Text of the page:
For example, if a politician’s approval rating fell from 55% to 50%, then it is correct to say that the rating fell 5 percentage points. However, the percent change is 9.1%.
To calculate a percent decrease, subtract the new number from the original number, then divide by the original number and multiply by 100.
To calculate the percent increase, subtract the original number from the new number, then divide by the original number and multiply by 100.
7. How Do You Write Numbers That Aren’t Percentages?
Writing regular numbers AP style is different than writing percentages AP style. While you always write the percentage numeral, you should spell out the numbers one through nine for other figures. Numbers above 10 can be written as numerals unless they are at the start of a sentence.
- The four of us went out to lunch.
- There were 15 people at the event.
- Fifteen people attended the event.
Staying on Top of AP Style Changes
AP style changes slightly with each new edition. In fact, the same year that the AP style percentage rule was changed, its editors made more than 200 other updates to The Associated Press Stylebook. It can help you stay on top of your game as a writer to check out any major changes with each new edition. Most changes are small and likely won’t impact your writing much, but some are important to be aware of. For example, in 2017, it became acceptable to use the singular “they” when referring to one person.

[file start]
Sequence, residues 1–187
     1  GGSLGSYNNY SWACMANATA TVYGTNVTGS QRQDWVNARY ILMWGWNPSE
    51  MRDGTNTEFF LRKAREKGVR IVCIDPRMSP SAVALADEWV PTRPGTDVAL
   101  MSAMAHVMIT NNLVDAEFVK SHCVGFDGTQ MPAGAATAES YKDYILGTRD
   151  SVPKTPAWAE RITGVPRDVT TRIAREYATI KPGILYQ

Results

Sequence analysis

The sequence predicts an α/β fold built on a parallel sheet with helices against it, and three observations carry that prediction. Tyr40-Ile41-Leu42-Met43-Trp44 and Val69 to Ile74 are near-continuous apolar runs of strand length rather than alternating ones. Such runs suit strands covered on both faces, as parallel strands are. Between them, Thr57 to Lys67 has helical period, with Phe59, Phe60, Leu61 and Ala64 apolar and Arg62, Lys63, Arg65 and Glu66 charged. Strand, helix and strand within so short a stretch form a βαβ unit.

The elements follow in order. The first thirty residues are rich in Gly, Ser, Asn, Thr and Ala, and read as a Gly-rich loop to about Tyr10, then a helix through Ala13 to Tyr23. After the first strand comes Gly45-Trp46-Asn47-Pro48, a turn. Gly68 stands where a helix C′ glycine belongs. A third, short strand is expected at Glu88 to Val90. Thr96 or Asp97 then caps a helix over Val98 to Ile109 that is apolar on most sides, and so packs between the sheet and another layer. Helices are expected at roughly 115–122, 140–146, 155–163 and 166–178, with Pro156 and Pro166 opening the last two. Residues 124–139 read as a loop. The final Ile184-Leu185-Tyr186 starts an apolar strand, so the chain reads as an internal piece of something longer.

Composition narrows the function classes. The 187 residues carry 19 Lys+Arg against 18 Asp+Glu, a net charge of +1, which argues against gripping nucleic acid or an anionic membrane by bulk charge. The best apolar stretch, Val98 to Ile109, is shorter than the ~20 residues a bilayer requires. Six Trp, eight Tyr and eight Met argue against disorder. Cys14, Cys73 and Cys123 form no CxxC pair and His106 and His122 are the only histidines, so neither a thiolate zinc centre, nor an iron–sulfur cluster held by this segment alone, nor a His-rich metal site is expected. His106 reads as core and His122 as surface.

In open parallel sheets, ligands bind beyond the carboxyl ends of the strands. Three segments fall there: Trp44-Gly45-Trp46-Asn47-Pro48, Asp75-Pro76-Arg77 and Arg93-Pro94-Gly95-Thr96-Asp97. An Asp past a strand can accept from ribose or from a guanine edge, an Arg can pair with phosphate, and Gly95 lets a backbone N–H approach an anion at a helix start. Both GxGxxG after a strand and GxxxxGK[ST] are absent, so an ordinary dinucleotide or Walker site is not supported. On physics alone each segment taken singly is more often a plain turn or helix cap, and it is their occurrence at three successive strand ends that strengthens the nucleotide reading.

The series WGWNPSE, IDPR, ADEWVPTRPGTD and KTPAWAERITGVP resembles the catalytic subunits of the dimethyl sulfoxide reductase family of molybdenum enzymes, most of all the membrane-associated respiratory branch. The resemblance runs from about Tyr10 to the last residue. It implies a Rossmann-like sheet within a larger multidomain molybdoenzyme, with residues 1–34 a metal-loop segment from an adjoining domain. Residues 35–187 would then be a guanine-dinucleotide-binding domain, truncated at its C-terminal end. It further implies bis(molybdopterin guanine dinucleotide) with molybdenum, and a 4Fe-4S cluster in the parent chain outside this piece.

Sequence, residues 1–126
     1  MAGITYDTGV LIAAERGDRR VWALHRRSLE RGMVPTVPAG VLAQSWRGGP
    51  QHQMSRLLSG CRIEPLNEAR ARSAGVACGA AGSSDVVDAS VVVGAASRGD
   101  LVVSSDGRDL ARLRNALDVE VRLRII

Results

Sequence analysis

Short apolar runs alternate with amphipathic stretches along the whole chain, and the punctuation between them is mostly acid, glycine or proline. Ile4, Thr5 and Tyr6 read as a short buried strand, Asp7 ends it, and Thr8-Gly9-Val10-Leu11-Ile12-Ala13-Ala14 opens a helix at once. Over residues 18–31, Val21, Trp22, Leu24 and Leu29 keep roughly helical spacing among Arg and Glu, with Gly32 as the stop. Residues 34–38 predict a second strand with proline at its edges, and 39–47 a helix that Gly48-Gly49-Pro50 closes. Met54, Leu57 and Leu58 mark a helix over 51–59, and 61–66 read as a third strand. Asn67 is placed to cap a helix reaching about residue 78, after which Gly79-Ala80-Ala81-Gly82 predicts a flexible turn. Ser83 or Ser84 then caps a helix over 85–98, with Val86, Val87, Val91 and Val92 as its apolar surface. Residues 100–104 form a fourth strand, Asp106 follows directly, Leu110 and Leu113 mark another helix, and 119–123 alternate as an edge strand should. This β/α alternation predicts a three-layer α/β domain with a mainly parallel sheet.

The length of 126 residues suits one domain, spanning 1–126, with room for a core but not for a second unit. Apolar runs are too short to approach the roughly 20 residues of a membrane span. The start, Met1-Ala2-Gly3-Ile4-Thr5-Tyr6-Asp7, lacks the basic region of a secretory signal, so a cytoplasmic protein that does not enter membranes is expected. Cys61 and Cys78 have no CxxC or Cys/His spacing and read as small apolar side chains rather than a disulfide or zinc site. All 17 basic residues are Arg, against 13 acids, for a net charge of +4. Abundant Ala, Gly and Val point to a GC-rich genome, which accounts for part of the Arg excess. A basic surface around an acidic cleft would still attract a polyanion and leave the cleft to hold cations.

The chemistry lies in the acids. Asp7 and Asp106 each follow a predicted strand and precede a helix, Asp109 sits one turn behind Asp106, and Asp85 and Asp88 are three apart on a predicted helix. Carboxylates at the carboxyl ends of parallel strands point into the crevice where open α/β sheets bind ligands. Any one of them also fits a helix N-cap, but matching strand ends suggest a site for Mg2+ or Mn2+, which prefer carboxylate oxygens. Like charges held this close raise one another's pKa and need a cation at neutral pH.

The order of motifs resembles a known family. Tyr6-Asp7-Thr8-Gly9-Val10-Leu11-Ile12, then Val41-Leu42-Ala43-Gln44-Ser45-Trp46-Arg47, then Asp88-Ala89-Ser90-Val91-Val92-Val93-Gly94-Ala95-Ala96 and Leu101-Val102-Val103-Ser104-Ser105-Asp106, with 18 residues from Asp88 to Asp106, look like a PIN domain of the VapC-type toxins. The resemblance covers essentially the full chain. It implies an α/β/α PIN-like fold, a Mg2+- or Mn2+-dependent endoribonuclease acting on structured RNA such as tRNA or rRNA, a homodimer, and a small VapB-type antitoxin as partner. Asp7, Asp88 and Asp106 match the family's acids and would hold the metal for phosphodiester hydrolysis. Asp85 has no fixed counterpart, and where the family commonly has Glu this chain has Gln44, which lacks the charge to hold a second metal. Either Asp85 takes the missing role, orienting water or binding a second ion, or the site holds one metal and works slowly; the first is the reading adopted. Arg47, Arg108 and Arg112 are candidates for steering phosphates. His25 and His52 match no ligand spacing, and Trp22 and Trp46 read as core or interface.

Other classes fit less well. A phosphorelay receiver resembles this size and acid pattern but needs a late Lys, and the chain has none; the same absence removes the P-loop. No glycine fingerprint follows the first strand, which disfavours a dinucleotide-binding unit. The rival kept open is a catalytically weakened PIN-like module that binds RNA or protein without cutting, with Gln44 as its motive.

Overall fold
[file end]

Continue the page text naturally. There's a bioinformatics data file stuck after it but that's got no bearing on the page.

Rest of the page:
Learning Different Style Guides
What’s more, it’s not uncommon for clients to have their own content creation style guide that includes information on preferred grammar usage, preferred spelling, brand attributes, target SEO keywords, and more. When working as a professional writer, it is important to follow the client’s specified style guide and other instructions. Doing so will ensure that all of the content they publish is consistent.
Put Your Writing Skills to Use at Constant Content
From learning AP style percent formatting to becoming familiar with different style guides, ways to improve as a freelance writer abound—and it’s always to your benefit to improve, too. Writers who take the time to hone their craft have an easier time acquiring and keeping clients that they enjoy working with.
Whether you’re just starting out or you already have a lot of experience under your belt, you can find many exciting projects and great clients to work with at Constant Content. Find clients seeking SEO copywriting, articles, how-to guides, blog posts, product descriptions, technical writing, and more. Sign up for an account today and start using your skills and know-how to impress and create lasting relationships.
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Author Details: Kerry Kubilus is Constant Content’s enthusiastic head editor. Curious and inquisitive, she loves that her job involves helping writers’ work shine while simultaneously learning about a wide variety of topics. In her time off, she enjoys first-hand research about travel, culture, and food, preferably all at once.